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The high frequency of alcohol advertising during televised English Premier League football games shown in Ethiopia

Abstract

Background

Excessive alcohol consumption is an important risk factor for increased morbidity, mortality and other social harms globally. Televised sport allows the promotion of alcoholic drinks to a large and often young audience, and thus can be used to develop new markets for alcohol in low- and middle-income countries. This study aimed to analyse the alcohol advertising displayed during televised English Premier League (EPL) games, which is widely viewed in Ethiopia, and are particularly popular among young people.

Methods

Nineteen live televised EPL football matches broadcast in Ethiopia on the SuperSport channels over 4 weeks of the 2018/19 season were digitally recorded from the digital satellite television. Exposure to alcohol advertising was measured by calculating the total elapsed time duration with the alcohol content from the pre-match to the end of the post-game period of the broadcast.

Results

Data were available for a total of 2451 min broadcast time. Alcohol advertising accounted for 205.2 min (8.4%) with a mean duration of 10.8 min per match (range 5.5 to 22.6). The dominant format of alcohol advertisement was the display of logos associated with an alcoholic drink on the television (TV) screen, which accounted for approximately 43% of the total alcohol advertising time. This was followed by pitch side virtual display (17.7%) and a glass of alcohol drink on the TV screen (17.6%). Over three quarters of alcoholic drink advertising (77.7%) was during active football playing time. None of the advertisements on the televised football games showed cigarettes.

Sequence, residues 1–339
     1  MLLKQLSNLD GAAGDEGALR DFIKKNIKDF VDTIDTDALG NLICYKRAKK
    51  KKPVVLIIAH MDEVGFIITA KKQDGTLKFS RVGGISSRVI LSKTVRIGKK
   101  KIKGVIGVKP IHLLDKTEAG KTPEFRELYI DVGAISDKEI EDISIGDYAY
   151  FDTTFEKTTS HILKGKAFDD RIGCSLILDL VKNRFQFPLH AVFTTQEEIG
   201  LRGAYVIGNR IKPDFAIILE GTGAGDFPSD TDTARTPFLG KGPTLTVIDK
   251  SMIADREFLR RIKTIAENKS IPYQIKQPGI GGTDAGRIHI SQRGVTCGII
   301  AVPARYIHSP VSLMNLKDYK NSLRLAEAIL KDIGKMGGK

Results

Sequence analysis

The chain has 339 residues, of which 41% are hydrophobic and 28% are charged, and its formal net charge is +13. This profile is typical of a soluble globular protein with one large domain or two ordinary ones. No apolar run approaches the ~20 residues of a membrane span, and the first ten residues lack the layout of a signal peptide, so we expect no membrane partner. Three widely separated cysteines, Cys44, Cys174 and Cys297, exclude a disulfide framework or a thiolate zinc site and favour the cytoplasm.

Conclusion

There is a high frequency of exposure to alcohol advertising during televised EPL matches in Ethiopia. It is important to ensure that the newly introduced domestic ban on alcohol advertising is also applied to foreign satellite broadcasters. This is likely to have relevance to other sub-Saharan African countries in promoting public health strategies to reduce harm from alcohol consumption.

Background

Alcohol consumption caused over 3 million deaths globally in 2016, and over 5% of the global burden of disease and injury [1]. Alcohol content and advertising is regularly shown in televised sports programmes [2, 3]. SuperSport channels from the digital satellite television (DSTV), a sub-Saharan African direct broadcast satellite service owned by MultiChoice, which is the most watched football channel in Ethiopia [4], broadcasting all the matches of the league to most African countries including Ethiopia [5]. A systematic review of longitudinal studies reported that adolescent exposure to alcohol advertising predicts both the onset of drinking among non-drinkers and increased levels of consumption among existing drinkers [6]. Another large-scale national longitudinal study from the USA provided evidence of alcohol advertising expenditures and the degree of exposure to alcohol advertisements in the 15–26-year olds’ media environment was associated with higher levels of consumption of alcohol [7]. Furthermore, recent systematic reviews and descriptive synthesis of the available global literature showed positive associations between alcohol marketing and drinking among adolescents and young adults [8,9,10].